One school has set up a relationship with several local firms which they view as a real opportunity for change. Raymond Ross reports.
FIRRHILL HIGH School in Edinburgh has an amazing track record in work experience and hands-on enterprise education.
The school won the 1997 UK Proshare National Investment Programme on its first attempt, beating more than 1,000 schools at compiling a pound;50,000 share portfolio and monitoring its progress on the stock market. Various of its school "companies" have swept the boards with Lothian and National Enterprise Scotland awards since 1995, they have won the Skene Young Entrepreneurs Award and the Junior Quality Scotland Award, as well as the Shell Mini Group Investigation Award for reporting on a local economic issue.
Now Firrhill has set up a business partnership which it hopes will feed directly into the school curriculum. At a meeting in the city's west end at the end of March, the Firrhill High School Business Partnership was formally inaugurated. Seven school representatives, including the headteacher, Patricia Cairns, and Linda McAulay, principal teacher of business studies, met 10 representatives from the Edinburgh business community.
"The partnership is unique in that we can get in on the ground level with a school where we can invest in the future and develop genuine industry-school links. The key thing here will be making a difference," said John Shaw, managing director of Shaw Marketing and Design, who chaired the meeting.
Echoing his comments, Patricia Cairns said: "We want pupils to understand the practical application of the skills they learn at school. It will be mutually beneficial."
The Firrhill Business Partnership is intended to be a model initiative that will eventually spread to include other schools. "This is an investment in the market place and in society. We must instil in pupils the idea that life is not a rehearsal. It's for real," said Phillip Barr, group corporate services director of Morrison Construction Builders. His emphasis on "real" experience was echoed by all the business representatives including Ron Dawson, honorary secretary of the Royal Institute of Chartered Surveyors who stressed that it must not be contrived.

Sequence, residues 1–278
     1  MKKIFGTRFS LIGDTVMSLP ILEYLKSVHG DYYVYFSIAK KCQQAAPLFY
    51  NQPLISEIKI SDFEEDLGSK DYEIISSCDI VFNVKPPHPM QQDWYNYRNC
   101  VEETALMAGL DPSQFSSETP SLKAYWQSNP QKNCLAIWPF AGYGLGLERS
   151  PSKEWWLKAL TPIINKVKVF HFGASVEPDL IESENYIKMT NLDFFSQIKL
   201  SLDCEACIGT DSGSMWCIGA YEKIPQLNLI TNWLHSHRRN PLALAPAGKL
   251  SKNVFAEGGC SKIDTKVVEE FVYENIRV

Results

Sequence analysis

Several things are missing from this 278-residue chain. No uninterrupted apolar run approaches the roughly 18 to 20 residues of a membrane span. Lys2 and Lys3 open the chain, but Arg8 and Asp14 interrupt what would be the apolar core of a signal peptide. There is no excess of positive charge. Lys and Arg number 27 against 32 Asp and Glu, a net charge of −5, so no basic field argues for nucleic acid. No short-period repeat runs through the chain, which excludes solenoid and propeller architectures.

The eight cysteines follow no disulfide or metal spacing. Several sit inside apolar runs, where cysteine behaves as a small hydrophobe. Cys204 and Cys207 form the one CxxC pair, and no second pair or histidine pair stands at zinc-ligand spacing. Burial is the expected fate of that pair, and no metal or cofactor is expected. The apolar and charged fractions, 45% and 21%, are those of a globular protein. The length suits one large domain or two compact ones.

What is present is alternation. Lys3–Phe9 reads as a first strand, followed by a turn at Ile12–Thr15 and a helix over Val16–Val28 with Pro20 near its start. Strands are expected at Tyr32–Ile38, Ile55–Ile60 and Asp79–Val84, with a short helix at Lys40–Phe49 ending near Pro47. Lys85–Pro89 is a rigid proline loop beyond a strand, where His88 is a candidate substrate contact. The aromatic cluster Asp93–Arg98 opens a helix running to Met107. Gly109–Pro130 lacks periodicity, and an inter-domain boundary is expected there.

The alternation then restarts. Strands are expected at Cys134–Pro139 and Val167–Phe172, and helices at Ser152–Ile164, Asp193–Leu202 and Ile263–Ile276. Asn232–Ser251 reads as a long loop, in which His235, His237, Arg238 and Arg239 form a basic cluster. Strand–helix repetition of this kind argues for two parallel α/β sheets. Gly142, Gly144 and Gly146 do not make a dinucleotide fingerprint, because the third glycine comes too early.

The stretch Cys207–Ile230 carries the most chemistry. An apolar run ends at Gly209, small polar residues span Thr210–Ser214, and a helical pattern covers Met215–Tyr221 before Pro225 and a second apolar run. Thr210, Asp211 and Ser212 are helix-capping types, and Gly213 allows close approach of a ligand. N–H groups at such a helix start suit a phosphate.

Ron Dawson also emphasised the importance of encouraging enterprise education as early as possible. "S1 to S3 is the right time. If we don't get to the pupils then, we will fail. By S4 it's too late to change attitudes" - or as Paul Adams, assistant manager Scottish Widows Finance put it: "We've got to capture them and grow them."
Great value was laid on the nurturing of "transferrable skills" in pupils who were highly unlikely in today's market place to get a job for life, though this was not to be done at the expense of academic excellence.
Prior to the meeting depute head John Brown had spoken of the Edinburgh economy as very buoyant, saying "the recruitment opportunities are there that we hope to fill, whether through fourth year leavers or through our pupils attending university with a clear idea of the business world" But Ron Dawson warned of an impending "crash in available skills" in the construction industry in the next three or four years. "We are only training a third of the tradespeople we will need. I don't believe the future lies with university education. We need more blue collar engineers and the like - yes, even in Edinburgh."
Literacy and numeracy were real concerns for the business representatives, who lamented the abysmal failure of many pupils to interview impressively. Interview training has already begun at Firrhill and is a specific area the partnership will develop alongside genuine work experience for pupils, work placements in various businesses for teachers and business representatives coming into the school to talk to pupils.
But it was also accepted that business has to learn how to feed into the curriculum in a way that suits both business and school. "We need to understand the curriculum just as teachers need to gain real experience with business," said Phillip Barr.